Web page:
Officials to Break Ground on $16 Million in Improvements to Missouri Wastewater Treatment Facility

Feb. 15, 2010
Groundbreaking ceremony to take place Feb. 17 in Springfield, Mo.

Ground will be broken Wednesday, Feb. 17, for a $16 million project that will improve the Southwest Wastewater Treatment Plant in Springfield, Mo. The project is funded by the American Recovery and Reinvestment Act of 2009.

The wastewater project will utilize energy efficient technologies and green innovations that will lead to sustainable economic recovery, according to the U.S. Environmental Protection Agency (EPA). EPA is working with community leaders and the public to develop innovative solutions for managing and financing wastewater infrastructure.

The project is creating 30 new jobs and is expected to be complete by spring of 2012.

Included in the wastewater treatment plant improvements are measures to increase energy efficiency and reduce energy consumption. A new ozone disinfection system will reduce energy consumption resulting in future energy savings of approximately $4 million over 20 years. The ozone system also will reduce maintenance requirements resulting in savings of about $2 million over 20 years.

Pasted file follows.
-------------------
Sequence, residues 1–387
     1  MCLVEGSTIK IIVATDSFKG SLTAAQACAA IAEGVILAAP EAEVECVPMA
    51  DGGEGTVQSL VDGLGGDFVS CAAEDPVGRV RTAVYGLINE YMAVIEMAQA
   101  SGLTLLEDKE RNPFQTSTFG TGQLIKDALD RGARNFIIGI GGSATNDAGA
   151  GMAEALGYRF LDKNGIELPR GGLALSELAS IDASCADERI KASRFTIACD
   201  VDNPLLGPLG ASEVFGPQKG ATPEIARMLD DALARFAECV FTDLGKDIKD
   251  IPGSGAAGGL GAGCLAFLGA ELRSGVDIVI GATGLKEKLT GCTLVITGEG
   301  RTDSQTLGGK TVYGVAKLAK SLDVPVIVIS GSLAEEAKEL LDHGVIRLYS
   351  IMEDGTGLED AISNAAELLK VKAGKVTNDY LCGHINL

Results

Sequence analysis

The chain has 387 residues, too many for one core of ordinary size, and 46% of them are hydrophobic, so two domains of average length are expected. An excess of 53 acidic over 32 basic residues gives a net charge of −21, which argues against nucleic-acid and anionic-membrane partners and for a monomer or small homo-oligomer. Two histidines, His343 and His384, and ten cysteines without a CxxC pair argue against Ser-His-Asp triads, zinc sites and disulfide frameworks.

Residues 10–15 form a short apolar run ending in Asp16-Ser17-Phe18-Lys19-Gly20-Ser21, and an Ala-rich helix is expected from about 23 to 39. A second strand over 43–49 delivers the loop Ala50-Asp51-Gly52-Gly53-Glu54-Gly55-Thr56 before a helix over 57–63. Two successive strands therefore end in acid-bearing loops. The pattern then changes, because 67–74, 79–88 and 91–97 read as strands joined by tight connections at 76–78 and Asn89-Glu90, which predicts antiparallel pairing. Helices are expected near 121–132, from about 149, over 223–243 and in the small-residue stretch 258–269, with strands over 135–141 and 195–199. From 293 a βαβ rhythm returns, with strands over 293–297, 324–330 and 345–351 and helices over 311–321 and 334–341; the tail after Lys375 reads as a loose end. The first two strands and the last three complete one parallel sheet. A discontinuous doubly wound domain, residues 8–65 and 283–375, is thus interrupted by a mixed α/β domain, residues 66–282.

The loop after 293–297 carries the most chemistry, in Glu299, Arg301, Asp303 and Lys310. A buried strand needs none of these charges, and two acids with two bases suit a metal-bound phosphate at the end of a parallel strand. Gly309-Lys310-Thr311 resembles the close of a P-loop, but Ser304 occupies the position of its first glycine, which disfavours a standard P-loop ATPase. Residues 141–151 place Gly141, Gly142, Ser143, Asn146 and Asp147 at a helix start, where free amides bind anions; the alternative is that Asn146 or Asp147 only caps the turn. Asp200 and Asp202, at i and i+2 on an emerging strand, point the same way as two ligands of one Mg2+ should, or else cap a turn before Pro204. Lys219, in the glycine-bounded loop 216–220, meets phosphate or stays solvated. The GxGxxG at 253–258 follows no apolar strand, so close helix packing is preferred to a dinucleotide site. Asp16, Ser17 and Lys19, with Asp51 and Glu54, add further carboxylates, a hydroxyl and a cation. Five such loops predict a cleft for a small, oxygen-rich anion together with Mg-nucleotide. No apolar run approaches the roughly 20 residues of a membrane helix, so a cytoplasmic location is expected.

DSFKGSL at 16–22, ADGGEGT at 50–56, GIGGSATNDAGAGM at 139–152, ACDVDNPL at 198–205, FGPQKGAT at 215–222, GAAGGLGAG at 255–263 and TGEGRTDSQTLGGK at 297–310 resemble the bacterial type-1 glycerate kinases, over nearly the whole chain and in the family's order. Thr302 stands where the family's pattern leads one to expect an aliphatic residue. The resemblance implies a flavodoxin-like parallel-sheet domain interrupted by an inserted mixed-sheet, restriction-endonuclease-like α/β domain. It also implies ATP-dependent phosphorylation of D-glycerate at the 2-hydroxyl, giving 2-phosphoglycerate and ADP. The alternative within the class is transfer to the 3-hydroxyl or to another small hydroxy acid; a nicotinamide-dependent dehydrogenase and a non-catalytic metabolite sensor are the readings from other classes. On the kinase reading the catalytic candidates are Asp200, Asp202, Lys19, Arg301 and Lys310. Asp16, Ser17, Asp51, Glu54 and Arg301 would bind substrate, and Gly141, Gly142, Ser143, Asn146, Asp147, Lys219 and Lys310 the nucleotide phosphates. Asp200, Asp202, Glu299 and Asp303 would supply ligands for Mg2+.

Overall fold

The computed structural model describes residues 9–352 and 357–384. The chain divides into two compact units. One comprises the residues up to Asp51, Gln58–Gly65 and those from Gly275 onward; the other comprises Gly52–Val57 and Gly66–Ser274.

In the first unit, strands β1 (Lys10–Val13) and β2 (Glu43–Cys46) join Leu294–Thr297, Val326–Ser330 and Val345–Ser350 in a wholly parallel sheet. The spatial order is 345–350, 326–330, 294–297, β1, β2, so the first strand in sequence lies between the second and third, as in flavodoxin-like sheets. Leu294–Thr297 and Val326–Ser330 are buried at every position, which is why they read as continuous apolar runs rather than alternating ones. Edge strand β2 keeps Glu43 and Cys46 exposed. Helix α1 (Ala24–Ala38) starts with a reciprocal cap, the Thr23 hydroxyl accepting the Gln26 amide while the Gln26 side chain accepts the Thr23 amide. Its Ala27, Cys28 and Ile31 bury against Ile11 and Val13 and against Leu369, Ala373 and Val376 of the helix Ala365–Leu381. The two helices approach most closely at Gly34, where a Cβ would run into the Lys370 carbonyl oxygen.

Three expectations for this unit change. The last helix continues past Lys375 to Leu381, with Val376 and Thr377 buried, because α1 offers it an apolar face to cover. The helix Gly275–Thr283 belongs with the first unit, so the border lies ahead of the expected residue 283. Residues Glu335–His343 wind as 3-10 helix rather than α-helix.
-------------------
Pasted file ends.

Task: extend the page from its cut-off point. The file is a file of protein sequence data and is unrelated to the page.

This is one of a series of EPA events occurring across the nation marking the one-year anniversary of President Obama signing the American Recovery and Reinvestment Act of 2009. EPA is awarding $7 billion in stimulus funds for core projects that meet both economic and environmental needs.

EPA Region 7 Administrator Karl Brooks, Missouri Department of Natural Resources Deputy Director Dru Buntin, Mayor of Springfield Jim O’Neal and Executive Director of the Upper White River Basin Foundation John Moore will be present at Wednesday’s ceremony.

The Recovery Act seeks in part to spur technological advances in science and health and to invest in environmental protection and other infrastructure that will provide long-term economic benefits. As part of the Act, Missouri received $146 million for drinking water and wastewater projects.

Source: U.S. EPA